My Eye Won’t Stop Twitching—Am I Dying?

Muscle spasms are a symptom for all kinds of serious disorders, but they’re more often just caused by stress and fatigue.

A person with one eye closed more than the other, with a skeleton in a lab coat lurking in the background next to optometry equipment
Chelsea Beck

Recently a friend of mine complained of a nonstop eye twitch, so, helpful friend that I am, I looked up “eye twitch” on WebMD for her. As is usually the case when someone with zero medical background consults WebMD looking for a diagnosis, this was a huge mistake. Of course I saw the early, so-called “most likely” causes—fatigue and stress—but I scrolled right past them on to the graver possibilities: brain or nerve disorders like Bell’s palsy, some kind of muscle disorder called dystonia, even Parkinson’s disease. Slightly panicked, I turned to my second-most preferred online health resource: the Mayo Clinic website. There I found even more possible diagnoses: glaucoma, multiple sclerosis, Tourette’s syndrome, and a few more conditions that sounded like space odyssey movie character names—entropion and uveitis, for instance. A search for “eye twitch + ALS” reveals a number of very concerned health forum posts from people who, like me, wish to jump to the worst possible conclusion. Much like headaches, it seems, eye twitching is the sort of symptom for which you can easily find dozens of possible culprits covering the full diagnostic range between “Eh, whatever” and “You’ll be dead tomorrow.”

Because I am the sort of person who would easily pick up an eye twitch after reading about it online, I figured I should reach out to a few experts who might be better able to help my friend and, eventually, I’m sure, me. Did I expect that one of these experts would be Eric Singer, drummer for the band KISS? No. I did not. But sometimes the best commonsense health advice comes from where you least expect it—like from the drummer of the band KISS.

First, though, I talked to Jenepher K. Piper, who, while not a member of a famous rock band, is a registered nurse and primary care practitioner at Mercy Medical Center in Baltimore. Piper tells me the most likely causes of eye twitching are fatigue, stress, and consuming too much caffeine. The latter two are highly related—stress causes your adrenaline to pump, not unlike a large cup of coffee (or, says Piper, taking drugs used to treat ADD, like Adderall). That adrenaline, in turn, can make your hands shake, and it can also make your eyes twitch. On the other end, fatigue means “your muscles aren’t getting enough nutrients,” says Piper. “Being low in vitamin D or magnesium can [lead to] difficulty with relaxing one’s muscles, so they kind of tense up,” or twitch.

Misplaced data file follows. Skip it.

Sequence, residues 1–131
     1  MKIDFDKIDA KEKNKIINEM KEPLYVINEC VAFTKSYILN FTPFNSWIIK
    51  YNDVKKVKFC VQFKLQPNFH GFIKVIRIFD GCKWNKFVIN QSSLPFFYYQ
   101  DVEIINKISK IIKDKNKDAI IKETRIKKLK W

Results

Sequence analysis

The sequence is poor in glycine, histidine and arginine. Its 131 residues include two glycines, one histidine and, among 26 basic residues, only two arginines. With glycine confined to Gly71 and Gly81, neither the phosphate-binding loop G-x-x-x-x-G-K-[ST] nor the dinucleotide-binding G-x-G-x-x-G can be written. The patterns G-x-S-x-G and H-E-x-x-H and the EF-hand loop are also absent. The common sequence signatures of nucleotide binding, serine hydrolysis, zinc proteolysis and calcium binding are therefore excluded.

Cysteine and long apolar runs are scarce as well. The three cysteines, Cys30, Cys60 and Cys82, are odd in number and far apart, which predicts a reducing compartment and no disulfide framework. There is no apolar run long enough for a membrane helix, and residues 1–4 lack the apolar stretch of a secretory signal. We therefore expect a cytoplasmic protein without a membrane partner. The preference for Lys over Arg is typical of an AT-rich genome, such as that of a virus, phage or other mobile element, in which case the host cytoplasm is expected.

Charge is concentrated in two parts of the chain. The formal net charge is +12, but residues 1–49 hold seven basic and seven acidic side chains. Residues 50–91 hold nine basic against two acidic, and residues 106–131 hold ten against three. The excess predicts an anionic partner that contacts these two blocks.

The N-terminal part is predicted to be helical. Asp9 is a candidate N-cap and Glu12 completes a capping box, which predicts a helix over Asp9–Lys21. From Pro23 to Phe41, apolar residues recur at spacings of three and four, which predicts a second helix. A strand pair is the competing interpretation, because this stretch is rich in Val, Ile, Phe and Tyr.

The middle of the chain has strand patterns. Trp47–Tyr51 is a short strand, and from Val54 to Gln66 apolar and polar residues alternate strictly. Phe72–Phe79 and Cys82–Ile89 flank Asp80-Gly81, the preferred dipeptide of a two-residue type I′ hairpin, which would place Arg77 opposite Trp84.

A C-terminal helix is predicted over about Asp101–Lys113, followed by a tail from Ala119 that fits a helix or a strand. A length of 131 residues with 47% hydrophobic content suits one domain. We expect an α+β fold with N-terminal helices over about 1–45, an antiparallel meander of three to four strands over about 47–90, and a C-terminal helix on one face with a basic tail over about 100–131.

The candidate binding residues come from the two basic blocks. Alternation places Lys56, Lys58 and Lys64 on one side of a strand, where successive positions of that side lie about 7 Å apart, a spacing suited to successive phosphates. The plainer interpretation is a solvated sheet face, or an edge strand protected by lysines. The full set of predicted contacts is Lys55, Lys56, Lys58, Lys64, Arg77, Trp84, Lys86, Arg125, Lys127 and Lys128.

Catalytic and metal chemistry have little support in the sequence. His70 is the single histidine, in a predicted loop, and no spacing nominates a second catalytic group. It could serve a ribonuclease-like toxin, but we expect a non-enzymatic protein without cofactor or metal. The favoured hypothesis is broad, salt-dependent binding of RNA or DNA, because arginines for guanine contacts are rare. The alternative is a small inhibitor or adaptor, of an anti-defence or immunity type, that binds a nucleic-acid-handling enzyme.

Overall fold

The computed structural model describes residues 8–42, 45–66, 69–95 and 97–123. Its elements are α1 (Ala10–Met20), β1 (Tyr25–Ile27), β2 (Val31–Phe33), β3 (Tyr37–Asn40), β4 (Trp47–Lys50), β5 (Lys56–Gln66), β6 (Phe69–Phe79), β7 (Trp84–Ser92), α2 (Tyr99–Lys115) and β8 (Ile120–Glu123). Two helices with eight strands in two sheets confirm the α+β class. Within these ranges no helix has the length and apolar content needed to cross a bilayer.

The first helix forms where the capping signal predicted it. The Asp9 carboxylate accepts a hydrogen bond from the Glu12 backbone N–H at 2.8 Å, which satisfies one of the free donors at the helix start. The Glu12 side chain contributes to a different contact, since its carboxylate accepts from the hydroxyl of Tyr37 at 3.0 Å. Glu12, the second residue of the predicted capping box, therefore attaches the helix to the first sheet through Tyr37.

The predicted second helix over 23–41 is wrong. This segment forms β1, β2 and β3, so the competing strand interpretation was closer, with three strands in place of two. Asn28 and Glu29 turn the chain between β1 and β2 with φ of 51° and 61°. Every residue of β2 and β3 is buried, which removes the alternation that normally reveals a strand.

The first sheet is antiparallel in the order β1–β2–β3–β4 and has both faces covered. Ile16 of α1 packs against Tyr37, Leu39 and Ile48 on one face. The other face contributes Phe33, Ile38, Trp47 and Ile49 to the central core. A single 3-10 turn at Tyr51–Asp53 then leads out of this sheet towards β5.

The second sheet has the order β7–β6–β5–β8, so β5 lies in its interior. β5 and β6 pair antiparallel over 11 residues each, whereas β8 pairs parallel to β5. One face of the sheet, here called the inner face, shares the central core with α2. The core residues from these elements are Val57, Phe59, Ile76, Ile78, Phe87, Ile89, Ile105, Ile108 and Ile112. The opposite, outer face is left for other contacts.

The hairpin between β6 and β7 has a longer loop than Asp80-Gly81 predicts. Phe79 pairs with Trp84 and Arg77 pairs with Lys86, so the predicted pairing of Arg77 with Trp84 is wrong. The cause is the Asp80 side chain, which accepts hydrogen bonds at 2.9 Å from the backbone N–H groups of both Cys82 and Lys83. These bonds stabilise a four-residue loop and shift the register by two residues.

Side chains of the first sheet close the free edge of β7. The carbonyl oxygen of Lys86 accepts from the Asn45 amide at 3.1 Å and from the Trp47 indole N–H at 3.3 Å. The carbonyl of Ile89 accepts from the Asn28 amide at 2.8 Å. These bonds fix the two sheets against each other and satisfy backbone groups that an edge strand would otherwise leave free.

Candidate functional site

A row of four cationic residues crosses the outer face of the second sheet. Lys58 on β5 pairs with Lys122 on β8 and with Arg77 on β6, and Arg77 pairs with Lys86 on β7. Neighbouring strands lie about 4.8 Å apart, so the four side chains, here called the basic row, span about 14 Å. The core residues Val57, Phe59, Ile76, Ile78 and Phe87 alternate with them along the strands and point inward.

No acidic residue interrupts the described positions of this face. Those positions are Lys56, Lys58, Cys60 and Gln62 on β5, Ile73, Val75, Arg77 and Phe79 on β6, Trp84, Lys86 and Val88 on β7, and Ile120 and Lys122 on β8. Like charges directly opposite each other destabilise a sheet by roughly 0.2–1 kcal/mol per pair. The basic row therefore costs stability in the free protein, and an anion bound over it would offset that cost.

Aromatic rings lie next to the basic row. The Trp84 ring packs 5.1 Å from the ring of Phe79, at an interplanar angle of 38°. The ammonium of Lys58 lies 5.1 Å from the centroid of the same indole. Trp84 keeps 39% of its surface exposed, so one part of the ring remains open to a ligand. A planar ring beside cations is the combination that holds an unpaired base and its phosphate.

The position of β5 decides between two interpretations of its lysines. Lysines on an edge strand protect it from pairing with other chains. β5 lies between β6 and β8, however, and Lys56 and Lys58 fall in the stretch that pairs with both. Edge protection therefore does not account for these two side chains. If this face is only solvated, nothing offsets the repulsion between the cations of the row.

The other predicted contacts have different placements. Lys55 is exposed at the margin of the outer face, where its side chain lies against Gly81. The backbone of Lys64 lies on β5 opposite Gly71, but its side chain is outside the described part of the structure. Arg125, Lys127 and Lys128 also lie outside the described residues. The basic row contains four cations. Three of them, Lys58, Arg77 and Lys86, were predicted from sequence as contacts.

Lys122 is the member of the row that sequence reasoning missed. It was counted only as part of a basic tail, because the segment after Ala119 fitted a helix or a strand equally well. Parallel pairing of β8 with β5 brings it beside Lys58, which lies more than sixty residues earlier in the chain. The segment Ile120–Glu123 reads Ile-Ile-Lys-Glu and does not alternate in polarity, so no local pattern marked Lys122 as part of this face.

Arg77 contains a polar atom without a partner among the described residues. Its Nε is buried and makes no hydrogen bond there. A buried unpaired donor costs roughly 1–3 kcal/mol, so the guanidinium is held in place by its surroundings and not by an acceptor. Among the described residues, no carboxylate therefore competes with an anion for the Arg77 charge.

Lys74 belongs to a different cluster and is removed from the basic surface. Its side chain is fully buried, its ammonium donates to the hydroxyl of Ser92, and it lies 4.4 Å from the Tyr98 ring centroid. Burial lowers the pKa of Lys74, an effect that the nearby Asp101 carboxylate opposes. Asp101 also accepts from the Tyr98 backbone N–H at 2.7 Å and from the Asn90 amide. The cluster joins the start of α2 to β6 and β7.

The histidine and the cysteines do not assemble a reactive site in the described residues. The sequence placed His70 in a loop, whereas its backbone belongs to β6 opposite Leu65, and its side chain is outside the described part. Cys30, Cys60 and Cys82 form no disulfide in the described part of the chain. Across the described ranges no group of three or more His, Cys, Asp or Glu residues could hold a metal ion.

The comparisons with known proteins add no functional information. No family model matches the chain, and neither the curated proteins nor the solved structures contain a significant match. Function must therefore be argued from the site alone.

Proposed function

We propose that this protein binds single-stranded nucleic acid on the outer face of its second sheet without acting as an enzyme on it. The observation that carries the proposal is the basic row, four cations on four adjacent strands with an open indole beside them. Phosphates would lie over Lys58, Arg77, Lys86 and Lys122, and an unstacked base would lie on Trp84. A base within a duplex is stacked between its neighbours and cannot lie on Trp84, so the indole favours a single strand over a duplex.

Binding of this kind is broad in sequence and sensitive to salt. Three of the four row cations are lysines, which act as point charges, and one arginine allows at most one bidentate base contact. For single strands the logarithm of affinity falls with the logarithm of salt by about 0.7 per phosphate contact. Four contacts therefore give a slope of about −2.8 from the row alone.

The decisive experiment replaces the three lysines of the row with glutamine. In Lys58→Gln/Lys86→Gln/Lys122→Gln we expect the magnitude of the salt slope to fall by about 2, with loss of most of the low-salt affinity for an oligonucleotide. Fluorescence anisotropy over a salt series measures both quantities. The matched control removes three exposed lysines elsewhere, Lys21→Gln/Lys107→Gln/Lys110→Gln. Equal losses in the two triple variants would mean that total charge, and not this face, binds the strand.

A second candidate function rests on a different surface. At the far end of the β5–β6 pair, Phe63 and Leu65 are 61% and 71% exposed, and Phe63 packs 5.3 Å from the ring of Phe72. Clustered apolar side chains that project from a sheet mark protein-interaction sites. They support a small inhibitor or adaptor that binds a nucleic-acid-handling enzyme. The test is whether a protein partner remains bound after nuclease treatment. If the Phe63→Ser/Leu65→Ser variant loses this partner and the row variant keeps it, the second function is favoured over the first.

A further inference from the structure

A less common cause of eye twitching is hyperthyroidism, which Piper herself has. Anyone who is known to have a thyroid issue should consider their eye twitching a reason to see their doctor as soon as possible. Otherwise, it’s fine to just give an eye twitch some time to go away on its own: “If they don’t have a thyroid problem I wouldn’t rush to the doctor after a couple of days. I would probably give it a couple of weeks,” says Piper. Eye twitch sufferers should try not to fixate on their twitch, either, because anxiety can actually prolong the symptom. “Anxiety amplifies pain, it amplifies [twitching]—it can create a much worse problem than you began with,” adds Piper.

Randy McLaughlin, an optometrist at The Ohio State University Wexner Medical Center, understands why something as benign as an eye twitch makes people freak out. “People know it’s not right, they think it’s neurological, and they think this could be the first sign of something bad, like ALS. I don’t really think it’s proven that it is,” he says. “But your eyes are your most precious sense. And when something’s different or off with your eye or eyelid, people get scared.” And when people get scared, they go online. But McLaughlin says, here at least, they probably shouldn’t. “The internet is wonderful, it’s a wealth of knowledge, but sometimes it’s too much knowledge,” he says. When you find yourself with an eye twitch, it’s very, very likely the result of, well, being human: You’re tired, you’re stressed, and maybe you had a little too much coffee. It happens.

Toward the end of our call, McLaughlin apologizes, and says he has to do some name-dropping. I braced myself to hear a story about, like, a slightly more famous optometrist. But apparently, before he talked to me, McLaughlin was on the phone with his friend Eric Singer, who happens to be the drummer for KISS (and formerly, for Black Sabbath). McLaughlin says that when he told Singer about our impending interview about the causes of eye twitching, Singer said, “That’s easy. You don’t get enough sleep, too much caffeine, and you’re stressed, and you need to adjust your diet.” And if the drummer for KISS says so, it must be true.

For an otherwise healthy person, then, an eye twitch can serve as a useful reminder to take better care of oneself. The symptom’s link to more serious diseases like ALS is tenuous at best, and certainly incomplete—says Piper, “I really don't see [eye twitching] as a major heralding sign of Parkinson's or any movement disorder at all.” And while it’s technically possible eye twitching can be a sign of a more serious condition, it’s extremely unlikely to be the earliest or most noticeable sign of any of them. Infinitely more likely is that you’re simply stressed out. Two medical professionals and one rock star say your jumpy eyelid is no big deal. And if that isn’t enough to ease your mind, I really can’t help you.